BDS: Are you envisioning that as a future honor’s project or will you be doing that over the summer and getting funding?
JF: It’s kind of tough because when you’re generating a proposal for this commitment of action because you don’t know if it’s going to happen. I’m going to be here probably, if I’m approved, to do research in the neuro department with Prof. [Richard] Thompson this summer, and so I thought it would be a fun side project to work on during the summer when I have free time. Also the fellowship for research is about eight weeks, and it ends mid-summer, and so [my commitment-to-action plan is] something I can work on for the rest of the summer when I have more time.
BDS: Do you get a stipend for going down there ?
FF: I’ve requested some funding through the dean’s office, through the Resource Center for Sexual and Gender Diversity and the McKeen Center to help me pay for the flight; the flight’s the biggest expense I’m worried about. And it looks promising. And there’s not a fee for going to it.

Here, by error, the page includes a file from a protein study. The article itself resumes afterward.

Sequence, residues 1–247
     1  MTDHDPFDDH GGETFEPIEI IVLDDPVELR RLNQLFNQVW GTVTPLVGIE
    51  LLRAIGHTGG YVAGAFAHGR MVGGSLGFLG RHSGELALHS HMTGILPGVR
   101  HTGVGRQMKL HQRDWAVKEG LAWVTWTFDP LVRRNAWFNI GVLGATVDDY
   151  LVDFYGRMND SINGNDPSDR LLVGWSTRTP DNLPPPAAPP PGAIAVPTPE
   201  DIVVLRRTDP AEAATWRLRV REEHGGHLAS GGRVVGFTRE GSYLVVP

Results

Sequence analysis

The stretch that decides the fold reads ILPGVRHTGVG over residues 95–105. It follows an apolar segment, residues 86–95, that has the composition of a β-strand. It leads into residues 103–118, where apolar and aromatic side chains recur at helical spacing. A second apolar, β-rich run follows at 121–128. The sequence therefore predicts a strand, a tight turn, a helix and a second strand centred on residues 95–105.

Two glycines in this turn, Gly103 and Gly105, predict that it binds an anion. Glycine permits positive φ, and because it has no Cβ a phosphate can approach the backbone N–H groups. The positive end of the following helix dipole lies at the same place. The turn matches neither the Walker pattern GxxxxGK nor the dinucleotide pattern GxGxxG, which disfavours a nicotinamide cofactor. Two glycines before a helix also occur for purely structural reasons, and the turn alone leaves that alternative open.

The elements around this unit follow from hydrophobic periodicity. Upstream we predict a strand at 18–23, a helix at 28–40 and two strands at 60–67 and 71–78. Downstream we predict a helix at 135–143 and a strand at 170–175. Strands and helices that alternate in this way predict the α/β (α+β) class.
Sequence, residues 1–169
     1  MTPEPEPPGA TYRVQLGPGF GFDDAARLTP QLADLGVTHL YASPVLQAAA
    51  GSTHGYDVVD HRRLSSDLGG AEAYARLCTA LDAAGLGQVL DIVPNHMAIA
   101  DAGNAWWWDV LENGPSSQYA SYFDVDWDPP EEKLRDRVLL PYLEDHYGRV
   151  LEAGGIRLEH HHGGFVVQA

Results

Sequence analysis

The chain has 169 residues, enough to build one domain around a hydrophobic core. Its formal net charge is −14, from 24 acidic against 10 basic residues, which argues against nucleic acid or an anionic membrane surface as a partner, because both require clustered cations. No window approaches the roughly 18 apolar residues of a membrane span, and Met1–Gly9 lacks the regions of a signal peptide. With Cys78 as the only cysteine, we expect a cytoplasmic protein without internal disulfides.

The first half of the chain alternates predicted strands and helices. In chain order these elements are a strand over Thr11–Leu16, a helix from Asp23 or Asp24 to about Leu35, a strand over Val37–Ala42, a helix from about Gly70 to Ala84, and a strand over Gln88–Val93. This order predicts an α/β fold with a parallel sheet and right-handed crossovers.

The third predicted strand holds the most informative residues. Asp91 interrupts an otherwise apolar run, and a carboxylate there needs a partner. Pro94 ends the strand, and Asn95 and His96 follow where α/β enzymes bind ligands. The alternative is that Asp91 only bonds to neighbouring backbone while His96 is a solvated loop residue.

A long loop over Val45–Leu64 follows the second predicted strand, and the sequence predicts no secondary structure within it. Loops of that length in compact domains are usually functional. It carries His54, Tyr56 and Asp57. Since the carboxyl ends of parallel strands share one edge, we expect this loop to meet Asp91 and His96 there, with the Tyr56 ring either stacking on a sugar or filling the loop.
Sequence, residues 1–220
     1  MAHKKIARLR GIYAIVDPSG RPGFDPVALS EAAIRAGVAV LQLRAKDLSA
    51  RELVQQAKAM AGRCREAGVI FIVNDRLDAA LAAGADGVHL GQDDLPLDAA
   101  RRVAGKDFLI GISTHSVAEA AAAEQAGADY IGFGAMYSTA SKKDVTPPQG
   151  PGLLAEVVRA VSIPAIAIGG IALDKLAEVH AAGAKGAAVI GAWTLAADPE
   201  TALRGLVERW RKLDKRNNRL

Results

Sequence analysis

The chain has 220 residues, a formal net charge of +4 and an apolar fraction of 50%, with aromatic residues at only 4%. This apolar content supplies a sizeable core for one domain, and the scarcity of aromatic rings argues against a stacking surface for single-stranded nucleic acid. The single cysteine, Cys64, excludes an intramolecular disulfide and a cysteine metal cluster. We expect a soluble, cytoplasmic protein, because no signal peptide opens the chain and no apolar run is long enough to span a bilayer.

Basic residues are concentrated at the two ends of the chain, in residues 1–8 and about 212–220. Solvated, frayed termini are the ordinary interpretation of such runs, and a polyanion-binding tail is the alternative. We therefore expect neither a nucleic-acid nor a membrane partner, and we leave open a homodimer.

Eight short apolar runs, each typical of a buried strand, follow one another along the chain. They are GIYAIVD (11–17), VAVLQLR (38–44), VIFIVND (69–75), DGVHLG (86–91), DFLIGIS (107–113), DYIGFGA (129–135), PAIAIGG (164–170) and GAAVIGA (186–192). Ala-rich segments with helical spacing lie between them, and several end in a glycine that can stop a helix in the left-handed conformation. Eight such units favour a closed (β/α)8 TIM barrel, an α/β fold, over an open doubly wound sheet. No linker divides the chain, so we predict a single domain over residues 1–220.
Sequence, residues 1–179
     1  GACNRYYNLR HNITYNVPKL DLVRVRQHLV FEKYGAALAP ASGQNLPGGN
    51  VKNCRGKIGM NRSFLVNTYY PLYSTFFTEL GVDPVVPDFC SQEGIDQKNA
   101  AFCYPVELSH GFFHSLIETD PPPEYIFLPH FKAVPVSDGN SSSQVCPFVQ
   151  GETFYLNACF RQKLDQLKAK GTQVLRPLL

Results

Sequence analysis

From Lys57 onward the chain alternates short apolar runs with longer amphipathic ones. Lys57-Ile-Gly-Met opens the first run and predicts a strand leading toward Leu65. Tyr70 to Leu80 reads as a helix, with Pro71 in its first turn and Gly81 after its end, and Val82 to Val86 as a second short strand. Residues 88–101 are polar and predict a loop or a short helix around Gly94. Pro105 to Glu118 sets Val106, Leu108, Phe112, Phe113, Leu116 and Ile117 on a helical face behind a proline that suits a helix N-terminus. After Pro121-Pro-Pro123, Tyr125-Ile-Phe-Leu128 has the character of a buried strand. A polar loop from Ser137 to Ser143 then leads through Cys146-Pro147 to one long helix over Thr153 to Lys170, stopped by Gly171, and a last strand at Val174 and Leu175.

BDS: And so 1,000 students were selected out of 4,000 applicants?
JF: Yeah, about that.
BDS: Beyond maybe [getting] ideas for implementing your ideas, what else do you hope to get out of it?
JF: I think what’s really awesome about CGIU is just the incredible power of connections that you can make there. And [while LGBTQ rights] is something I’m interested in, it’s not the only thing. And what’s really awesome about [CGIU] is that it brings people who just have this incredibly diverse body of commitments together to talk. I’m excited about making connections with people who are in this field that I’m pursuing and have similar projects, so we can bounce ideas off each other and make connections that could prove to be useful when I start implementing this project. But I’m also really involved in hunger and homeless initiatives. I’m leading an [Alternative Spring Break trip] to D.C. next month to work with the Pilgrimage, a nonprofit in D.C. that works with hunger and homelessness. I led Alternative Winter Break this winter break with hunger and homelessness. I teach at Portland Adult Education, and refugee resettlement issues are really important to me. Over winter break I went to the Dominican Republic and did a medical mission. It’s really cool to bring all these really passionate individuals together for a weekend.